Celebrating 175

November 1: Charles Kitchell Gardner (1869)

Charles Kitchell Gardner was born June 27, 1787, in Morristown, New Jersey, the son of Thomas and Sarah Kitchell Gardner.  At an early age, the family moved to Newburgh, New York, where they kept an inn.  Charles received his secondary education at a private academy in Morristown before enrolling at Columbia College in 1807, where he studied medicine under Dr. David Hosack.  In 1808 he was commissioned an ensign in the Sixth Regiment of Infantry, U.S. Army, and pursued a career in the military.  By 1812, when hostilities arose between the United States and Great Britain, he had attained the rank of brigade inspector and lieutenant.  During the war he rose in rank to that of colonel of the 25th Infantry which was stationed at various times at Sackett’s Harbor, Fort George and Fort Niagara. At the battle of Niagara, in which General Winfield Scott was severely wounded, Colonel Gardner carried him off the field. Gardner resigned from the army permanently in 1818 at the request of Ann Eliza McLean, whom he married in March 1819.

Gardner and his wife settled in New York City where he became engaged in various literary endeavors. Gardner’s political interest led to a series of appointments to positions in the Post Office Department in Washington, D.C. During both terms of Andrew Jackson’s administration he was first assistant postmaster-general, and he was auditor of the treasury in the post-office department under President Van Buren. During the administration of President Polk he was postmaster of the City of Washington. In 1853 he was appointed surveyor-general of Oregon, and in 1856 he returned to Washington, D.C. to become a clerk in the Treasury Department.  He retired in 1867 and died two years later on November 1, 1869. Gardner’s wife was buried from Epiphany seven years later. Two daughters were buried from the church in 1871 and 1911. They were both married to Navy Admiral John J. Almy. Several grandchildren were baptized and confirmed at Epiphany.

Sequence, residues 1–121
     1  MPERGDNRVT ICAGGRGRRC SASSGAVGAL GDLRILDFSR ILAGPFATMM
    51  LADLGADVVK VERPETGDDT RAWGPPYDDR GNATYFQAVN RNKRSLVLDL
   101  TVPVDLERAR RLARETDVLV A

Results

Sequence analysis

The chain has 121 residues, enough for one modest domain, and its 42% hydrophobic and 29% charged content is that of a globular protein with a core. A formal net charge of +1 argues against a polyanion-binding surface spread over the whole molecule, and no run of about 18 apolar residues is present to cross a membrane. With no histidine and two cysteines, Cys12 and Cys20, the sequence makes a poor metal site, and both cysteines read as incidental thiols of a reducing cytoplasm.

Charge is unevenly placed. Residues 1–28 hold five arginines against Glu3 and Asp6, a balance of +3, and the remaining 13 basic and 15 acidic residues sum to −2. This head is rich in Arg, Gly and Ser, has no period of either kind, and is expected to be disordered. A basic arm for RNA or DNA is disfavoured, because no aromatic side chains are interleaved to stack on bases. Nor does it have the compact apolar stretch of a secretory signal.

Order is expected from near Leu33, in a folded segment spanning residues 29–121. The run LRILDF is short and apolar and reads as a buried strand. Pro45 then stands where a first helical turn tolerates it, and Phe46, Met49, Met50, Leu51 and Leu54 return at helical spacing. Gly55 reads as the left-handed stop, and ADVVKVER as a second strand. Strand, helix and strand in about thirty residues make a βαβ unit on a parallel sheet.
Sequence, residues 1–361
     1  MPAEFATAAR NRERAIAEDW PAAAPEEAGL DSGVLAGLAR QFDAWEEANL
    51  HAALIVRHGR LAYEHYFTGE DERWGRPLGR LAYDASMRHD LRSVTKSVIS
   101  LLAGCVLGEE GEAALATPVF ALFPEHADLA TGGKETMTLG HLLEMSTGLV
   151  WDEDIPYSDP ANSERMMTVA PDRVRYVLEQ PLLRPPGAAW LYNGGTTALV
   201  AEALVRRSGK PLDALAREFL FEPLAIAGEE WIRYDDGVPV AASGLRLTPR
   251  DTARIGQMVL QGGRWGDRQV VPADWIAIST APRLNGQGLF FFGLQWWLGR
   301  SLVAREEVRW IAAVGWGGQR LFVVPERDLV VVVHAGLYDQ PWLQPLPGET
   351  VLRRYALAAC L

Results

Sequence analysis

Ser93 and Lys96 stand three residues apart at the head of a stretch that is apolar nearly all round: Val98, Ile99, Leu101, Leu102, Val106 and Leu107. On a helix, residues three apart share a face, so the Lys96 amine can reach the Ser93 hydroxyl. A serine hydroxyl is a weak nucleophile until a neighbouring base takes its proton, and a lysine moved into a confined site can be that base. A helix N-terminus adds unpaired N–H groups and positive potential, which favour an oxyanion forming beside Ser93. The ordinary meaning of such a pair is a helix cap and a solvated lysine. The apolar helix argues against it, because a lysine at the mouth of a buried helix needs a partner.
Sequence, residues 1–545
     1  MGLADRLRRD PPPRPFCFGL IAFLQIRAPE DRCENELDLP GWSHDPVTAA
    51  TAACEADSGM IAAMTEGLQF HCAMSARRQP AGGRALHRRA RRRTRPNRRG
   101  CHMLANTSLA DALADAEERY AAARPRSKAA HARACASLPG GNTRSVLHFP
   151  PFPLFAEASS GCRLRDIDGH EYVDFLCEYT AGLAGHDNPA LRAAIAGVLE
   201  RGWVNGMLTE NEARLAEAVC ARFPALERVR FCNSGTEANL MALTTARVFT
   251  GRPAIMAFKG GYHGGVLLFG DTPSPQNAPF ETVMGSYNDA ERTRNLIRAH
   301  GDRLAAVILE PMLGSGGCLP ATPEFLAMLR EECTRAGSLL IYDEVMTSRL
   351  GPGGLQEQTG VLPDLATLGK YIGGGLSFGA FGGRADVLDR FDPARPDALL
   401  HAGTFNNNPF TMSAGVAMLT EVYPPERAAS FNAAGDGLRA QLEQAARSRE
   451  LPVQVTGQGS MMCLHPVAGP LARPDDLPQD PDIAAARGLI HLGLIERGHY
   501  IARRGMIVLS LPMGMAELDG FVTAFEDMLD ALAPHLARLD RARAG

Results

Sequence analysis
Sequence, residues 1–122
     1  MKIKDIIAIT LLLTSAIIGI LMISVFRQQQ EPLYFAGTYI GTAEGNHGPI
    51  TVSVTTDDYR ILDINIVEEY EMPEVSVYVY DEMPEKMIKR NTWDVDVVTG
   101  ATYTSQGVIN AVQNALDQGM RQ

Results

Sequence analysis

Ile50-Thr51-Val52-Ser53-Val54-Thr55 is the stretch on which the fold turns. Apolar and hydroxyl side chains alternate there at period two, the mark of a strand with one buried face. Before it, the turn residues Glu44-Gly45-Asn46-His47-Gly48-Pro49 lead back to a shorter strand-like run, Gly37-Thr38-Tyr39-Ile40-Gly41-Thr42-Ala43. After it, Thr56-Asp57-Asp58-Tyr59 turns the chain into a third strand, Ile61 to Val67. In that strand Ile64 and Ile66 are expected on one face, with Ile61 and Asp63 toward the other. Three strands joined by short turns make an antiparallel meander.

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October 31: Percy Foster Hall+ (1950)

Percy Foster Hall was an Episcopal priest who served as an assistant minister at Epiphany during the time of World War I. Many new ministries began at the church during this era, including the Boy Scouts, the Girl Scouts, the Junior and Senior Brotherhood of St. Andrew, the Night Branch of Woman’s Auxiliary, the McKim Bible Class for Men, the Young People’s Meeting, the Red Cross Auxiliary, the Mid-Week Bible Conference, the Prayer Circle, the Healing Services, and the Parish House Ladies’ Committee. When long-time rector Randolph McKim died in 1920, it fell upon Hall to lead the parish in an interim capacity until a new rector was called. During that time, Hall had oversight for the funerals of McKim and distinguished parishioner William C. Gorgas. Hall left Epiphany in 1921 after seven years of service, an unusually long term for the time, to become rector of St. Paul’s Church in Alexandria.

Hall was a graduate of Columbia University. He served as curate of Grace Church, New York City and was at the same time instructor in the New Testament in St. Faith’s Training School for Deaconesses. He was rector of St. Timothy’s Church, Catonsville, Maryland from 1893 to 1912. He had charge of churches in Oakland and Cumberland, Maryland and Wheeling, West Virginia. He was appointed to his position at Epiphany in 1914. During his time at Epiphany, two of Hall’s sons fought in World War I, thus their names appear on the plaque in the rear of the church. When one of those sons got married after the war, the ceremony took place at Epiphany with Percy Foster Hall performing the service. Also during this time, another of Hall’s sons began holy orders at Virginia Theological Seminary. Percy Foster Hall left Epiphany with heartfelt regret, gratitude, and affection.

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October 30: William Chauncy Langdon+ (1895)